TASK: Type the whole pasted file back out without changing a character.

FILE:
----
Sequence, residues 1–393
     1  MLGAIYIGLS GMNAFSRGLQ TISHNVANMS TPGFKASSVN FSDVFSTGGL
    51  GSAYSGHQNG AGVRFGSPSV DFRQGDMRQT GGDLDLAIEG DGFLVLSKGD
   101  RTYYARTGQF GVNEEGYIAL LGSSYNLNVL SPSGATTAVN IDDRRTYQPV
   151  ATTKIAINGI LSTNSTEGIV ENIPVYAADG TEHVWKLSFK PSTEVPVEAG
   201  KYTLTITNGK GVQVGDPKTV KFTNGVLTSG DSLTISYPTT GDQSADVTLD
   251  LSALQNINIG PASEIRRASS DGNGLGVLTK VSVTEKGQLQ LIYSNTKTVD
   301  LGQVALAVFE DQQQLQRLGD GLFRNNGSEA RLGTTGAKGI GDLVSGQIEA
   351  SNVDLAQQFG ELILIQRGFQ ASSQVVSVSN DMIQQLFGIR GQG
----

Sequence, residues 1–393
     1  MLGAIYIGLS GMNAFSRGLQ TISHNVANMS TPGFKASSVN FSDVFSTGGL
    51  GSAYSGHQNG AGVRFGSPSV DFRQGDMRQT GGDLDLAIEG DGFLVLSKGD
   101  RTYYARTGQF GVNEEGYIAL LGSSYNLNVL SPSGATTAVN IDDRRTYQPV
   151  ATTKIAINGI LSTNSTEGIV ENIPVYAADG TEHVWKLSFK PSTEVPVEAG
   201  KYTLTITNGK GVQVGDPKTV KFTNGVLTSG DSLTISYPTT GDQSADVTLD
   251  LSALQNINIG PASEIRRASS DGNGLGVLTK VSVTEKGQLQ LIYSNTKTVD
   301  LGQVALAVFE DQQQLQRLGD GLFRNNGSEA RLGTTGAKGI GDLVSGQIEA
   351  SNVDLAQQFG ELILIQRGFQ ASSQVVSVSN DMIQQLFGIR GQG